do very distinctly display their admiration for the beautiful forms, colors, and songs of their own highly decorated or musical mates. The facts on which Mr. Darwin bases his theory of sexual selection thus become of the first importance for the aesthetic philosopher, because they are really the only solid evidence for the existence of a love for beauty in the infra-human world. Granting the truth of his views (on which I for one have no shadow of doubt now remaining), we have good proof of a taste for symmetry and curved form in the magnificent tail of the lyre-bird, in the wedding plumage of the whydah-bird, in the twisted horns of the kudu antelope; of a taste for color and luster in the gorgeous train of the peacock, in the metallic necklets of the humming-bird, in the exquisite wings of tropical butterflies, in the bronze and gilded armor of the rose-chafers; lastly, of a taste for musical sound in the stridulation of the cicada and the house-cricket, in the deep notes of the bell-bird and the howler monkey, in the outpoured song of the linnet, the sky-lark, and the nightingale.
This close restriction of the æsthetic feeling to those objects which most nearly concern the individual, and through him the species, is only what we should naturally expect among the lower animals. We could hardly fancy them interesting themselves in anything so remote from their own personal wants as the rainbow or the sunset, the blue hills and the belted sea. They and their ancestors before them could not have gained any advantage by turning aside their attention from the practical pursuit of food or mates, to the otiose contemplation of that which profiteth nothing. Our own disinterested love for things so distant from our substantial needs has arisen gradually through a long process of ever-widening sympathies and ever-multiplying associations. But two things the insect, the bird, or the mammal could notice, and gain an advantage for itself or its race by noticing. It could pick out by its eye the forms and colors of edible foodstuffs among the unedible and relatively useless mass of foliage upon—earth the red berry or blossom from the green leaves, the fat white grub from the brown soil, the lurking caterpillar from the stalk whose lines and hues it so exactly imitates. It could distinguish by its ear the chirp of the savory grasshopper from the click of the hard or bitter beetle, the pretty note of the harmless sparrow from the deep cry of the dangerous hawk or the greedy jay. Thus eye and ear alike became educated among the superior articulates and vertebrates, in anticipation, as it were, of their higher æsthetic functions.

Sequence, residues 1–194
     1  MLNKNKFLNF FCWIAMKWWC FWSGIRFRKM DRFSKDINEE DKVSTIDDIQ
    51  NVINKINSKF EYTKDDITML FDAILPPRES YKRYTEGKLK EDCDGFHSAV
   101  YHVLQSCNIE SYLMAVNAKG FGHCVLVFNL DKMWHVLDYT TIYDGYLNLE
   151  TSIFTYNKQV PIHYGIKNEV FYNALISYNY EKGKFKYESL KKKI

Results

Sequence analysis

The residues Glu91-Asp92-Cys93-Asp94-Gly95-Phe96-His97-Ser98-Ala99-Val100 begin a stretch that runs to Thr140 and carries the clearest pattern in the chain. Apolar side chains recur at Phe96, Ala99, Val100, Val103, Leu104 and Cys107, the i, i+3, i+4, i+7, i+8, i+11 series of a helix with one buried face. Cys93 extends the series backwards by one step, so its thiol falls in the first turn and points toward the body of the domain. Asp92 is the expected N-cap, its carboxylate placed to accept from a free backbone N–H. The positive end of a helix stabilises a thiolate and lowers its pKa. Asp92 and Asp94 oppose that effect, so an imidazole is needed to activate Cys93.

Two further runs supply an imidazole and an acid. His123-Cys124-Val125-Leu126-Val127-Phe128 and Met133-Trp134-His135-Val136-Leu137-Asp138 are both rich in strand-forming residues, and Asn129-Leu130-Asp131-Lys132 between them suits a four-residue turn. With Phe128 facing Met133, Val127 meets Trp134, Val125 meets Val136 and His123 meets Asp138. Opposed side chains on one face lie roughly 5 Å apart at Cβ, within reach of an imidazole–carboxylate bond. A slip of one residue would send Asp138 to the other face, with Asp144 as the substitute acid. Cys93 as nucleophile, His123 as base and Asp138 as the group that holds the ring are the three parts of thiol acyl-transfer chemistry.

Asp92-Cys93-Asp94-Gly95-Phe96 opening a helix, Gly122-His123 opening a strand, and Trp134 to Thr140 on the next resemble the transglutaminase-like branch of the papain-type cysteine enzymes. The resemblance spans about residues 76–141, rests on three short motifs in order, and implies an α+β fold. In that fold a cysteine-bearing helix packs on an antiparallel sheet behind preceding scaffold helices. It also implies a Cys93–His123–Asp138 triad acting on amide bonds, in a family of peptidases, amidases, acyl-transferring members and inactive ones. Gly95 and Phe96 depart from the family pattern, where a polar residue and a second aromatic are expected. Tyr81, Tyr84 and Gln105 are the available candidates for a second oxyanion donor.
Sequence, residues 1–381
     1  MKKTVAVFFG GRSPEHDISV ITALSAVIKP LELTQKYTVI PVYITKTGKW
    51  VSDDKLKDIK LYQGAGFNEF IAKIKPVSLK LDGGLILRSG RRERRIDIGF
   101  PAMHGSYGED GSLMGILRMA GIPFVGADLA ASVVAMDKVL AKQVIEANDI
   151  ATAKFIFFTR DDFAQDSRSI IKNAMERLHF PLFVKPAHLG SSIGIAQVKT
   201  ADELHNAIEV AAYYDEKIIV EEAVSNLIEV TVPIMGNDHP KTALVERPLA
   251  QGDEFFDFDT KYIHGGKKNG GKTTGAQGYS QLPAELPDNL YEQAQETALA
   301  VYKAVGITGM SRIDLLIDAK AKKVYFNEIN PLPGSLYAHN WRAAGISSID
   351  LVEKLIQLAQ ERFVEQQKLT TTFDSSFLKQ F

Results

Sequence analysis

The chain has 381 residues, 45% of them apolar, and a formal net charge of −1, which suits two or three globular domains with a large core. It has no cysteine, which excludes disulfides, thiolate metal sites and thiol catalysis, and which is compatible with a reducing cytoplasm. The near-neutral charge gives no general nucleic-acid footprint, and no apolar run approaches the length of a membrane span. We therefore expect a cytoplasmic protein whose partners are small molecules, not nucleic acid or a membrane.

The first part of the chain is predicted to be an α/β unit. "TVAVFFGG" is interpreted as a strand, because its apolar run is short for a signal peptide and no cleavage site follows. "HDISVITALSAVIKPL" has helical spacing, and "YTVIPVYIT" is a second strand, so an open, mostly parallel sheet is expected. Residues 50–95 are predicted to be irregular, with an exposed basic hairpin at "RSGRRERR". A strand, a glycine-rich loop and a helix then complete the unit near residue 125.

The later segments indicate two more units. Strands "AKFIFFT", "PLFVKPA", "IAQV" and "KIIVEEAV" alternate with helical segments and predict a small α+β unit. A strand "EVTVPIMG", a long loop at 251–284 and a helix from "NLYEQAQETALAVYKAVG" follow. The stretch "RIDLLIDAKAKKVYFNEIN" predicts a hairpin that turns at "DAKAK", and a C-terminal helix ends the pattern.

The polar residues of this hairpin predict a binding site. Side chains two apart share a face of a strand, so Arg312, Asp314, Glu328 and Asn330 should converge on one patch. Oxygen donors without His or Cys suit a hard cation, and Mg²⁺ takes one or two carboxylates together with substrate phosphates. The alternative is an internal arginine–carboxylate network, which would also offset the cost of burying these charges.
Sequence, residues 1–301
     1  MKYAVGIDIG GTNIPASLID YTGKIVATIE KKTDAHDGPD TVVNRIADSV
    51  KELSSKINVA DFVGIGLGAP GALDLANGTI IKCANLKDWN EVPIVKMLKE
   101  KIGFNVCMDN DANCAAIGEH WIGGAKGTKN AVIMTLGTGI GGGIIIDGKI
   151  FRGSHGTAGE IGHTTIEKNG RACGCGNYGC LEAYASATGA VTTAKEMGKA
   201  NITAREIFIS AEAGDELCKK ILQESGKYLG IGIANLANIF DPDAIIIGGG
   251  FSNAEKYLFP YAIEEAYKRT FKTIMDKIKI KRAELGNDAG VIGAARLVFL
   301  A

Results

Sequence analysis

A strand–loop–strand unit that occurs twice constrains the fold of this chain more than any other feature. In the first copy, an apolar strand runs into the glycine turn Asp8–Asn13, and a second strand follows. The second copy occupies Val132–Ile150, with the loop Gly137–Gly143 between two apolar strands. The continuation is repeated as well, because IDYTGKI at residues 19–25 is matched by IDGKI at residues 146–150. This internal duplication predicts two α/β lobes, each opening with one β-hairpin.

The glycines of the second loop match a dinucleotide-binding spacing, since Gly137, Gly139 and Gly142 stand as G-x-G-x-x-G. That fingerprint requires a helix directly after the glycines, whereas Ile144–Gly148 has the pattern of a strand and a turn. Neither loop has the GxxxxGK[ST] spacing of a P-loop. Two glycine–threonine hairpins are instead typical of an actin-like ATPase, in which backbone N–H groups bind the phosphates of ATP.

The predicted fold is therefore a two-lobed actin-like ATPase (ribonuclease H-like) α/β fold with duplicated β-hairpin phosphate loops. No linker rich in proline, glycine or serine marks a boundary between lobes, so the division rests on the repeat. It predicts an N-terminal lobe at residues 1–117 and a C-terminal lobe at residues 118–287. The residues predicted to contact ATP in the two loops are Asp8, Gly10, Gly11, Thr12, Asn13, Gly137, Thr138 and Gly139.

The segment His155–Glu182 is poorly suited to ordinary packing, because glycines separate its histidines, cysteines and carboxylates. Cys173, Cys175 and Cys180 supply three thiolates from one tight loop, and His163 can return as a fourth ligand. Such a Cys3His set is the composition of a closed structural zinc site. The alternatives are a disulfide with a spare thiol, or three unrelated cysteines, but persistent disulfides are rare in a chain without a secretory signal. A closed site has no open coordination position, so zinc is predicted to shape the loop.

In the choice of mates, however, the powers so gained were exercised in a way which we can not consider as falling short of the true aesthetic level. Even the lowest animals (among those in which the sexes are different) seem instinctively to distinguish their fellows from all other species. In the higher classes, where the eye and ear have been so educated as to discriminate minutely between various forms, colors, shades, and notes, the instinct must almost certainly operate